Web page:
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Speaking of business, you and Sam have recently made the move to Baltimore, how did you find the move affected your business, if at all?

We did move to Baltimore! It’s only about an hour away from DC so it hasn’t affected us at all, really. I still market to DC. :)

Do you find being in a relationship with another photographer is a benefit to your creativity?

I surround myself with photographers and I love having so many artists as a support system for me to bounce ideas off and troubleshoot with, but I can’t put into words how awesome it is to get to live with one of my favorite photographers (and favorite person). Not just because Sam gets what I do and why I do it, but he’s just so inspiring as a person because he sees the world in such a unique way. We don’t talk about photography as much as one would think and don’t really work together (though we do share a studio space). We both love our leisure time; we’re much more likely to watch TV all day, make meals, and fly kites than to go out and photograph together. He’s my perfect fit.

Other than Sam, who and what inspires your photography at the moment?

I’ve done so much traveling and reading lately. Sara, Dylan, Sam and I toured the coast of California and Oregon in March and I’m still reeling from it. Seeing beautiful vistas in person makes the imagination so much more vivid. I’m also addicted to my Feedly app which is full of travel and fashion feeds. I like pretty things amen.

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Do you have a recent favourite session or photo that you have shot? If so, tell us about how you created it and what you love about it.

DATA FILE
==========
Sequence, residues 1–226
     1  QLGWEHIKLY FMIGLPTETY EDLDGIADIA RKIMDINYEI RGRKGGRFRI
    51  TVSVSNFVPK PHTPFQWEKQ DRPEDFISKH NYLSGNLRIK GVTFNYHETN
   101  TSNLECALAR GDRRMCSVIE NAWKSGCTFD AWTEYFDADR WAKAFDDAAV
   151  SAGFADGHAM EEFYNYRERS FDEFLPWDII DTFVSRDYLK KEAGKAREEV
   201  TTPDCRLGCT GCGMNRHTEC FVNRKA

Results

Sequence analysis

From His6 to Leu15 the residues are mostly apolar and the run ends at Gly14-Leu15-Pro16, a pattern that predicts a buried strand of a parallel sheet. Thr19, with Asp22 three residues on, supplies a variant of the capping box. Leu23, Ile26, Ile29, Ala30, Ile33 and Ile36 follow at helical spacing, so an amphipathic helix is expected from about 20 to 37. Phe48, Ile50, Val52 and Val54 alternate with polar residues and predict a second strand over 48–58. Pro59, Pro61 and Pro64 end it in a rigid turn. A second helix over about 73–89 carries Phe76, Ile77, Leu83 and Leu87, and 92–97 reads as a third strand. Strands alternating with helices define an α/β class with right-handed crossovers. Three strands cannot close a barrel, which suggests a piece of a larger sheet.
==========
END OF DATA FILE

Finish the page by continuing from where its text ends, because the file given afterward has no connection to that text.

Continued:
I have to go back to this foggy photo from an engagement session in the middle of nowhere. I drove an hour out from my house, kept ducking down side roads until I got to this dead end where the fog hangs on the ground for an hour after sunrise. I told my clients that I didn’t have good photos of it and I know it’s kind of a drive, but I want to shoot there and they said “Definitely!” I’m so thankful to have clients totally open to getting up at 5 a.m. and driving out to do these kinds of things with me. It makes me love the photo that much more that clients instill that kind of trust and love into their engagement pictures.

What piece of advice would you give someone in a creative rut?

I’ve read so many books on creativity and creative people (and their daily lives) so my honest answer from research (and tried and true practice) is to just keep making shit. If you’re creating something once a week and you’re unhappy, it’s because you’re only creating *one* thing every week. Your standards are higher because you’re making less art and you want each shoot to be perfect. Produce more work, get your bad ideas out of the way, progress faster, and the rut is no more. :)

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Incredible advice, that I am likely going to use for myself ;) Would you mind sharing your wedding locations Bucketlist?

Oooh. A lighthouse in Maine. Or a really small chapel in England or Scotland with rolling hills and livestock around. I think I could just do those all the time, actually. I don’t dream of traveling for weddings, really, though; I like to travel and I love my job, but it sounds stressful to try to sustain a life that includes too much both. I’m all about stress free living. :)

Stress free living sounds amazing to me! Nessa, so many photographers are looking forward to having you as a speaker next year! Thank you so very much for taking the time to chat! One last question to end things on, what are you most looking forward to in this upcoming wedding season?

The new cast of players! It’s my fifth year shooting and going to weddings feels like coming home. I’m excited about every single wedding I have booked this year. :)

Written By: Jennifer Moher

Author link: www.jennifermoher.com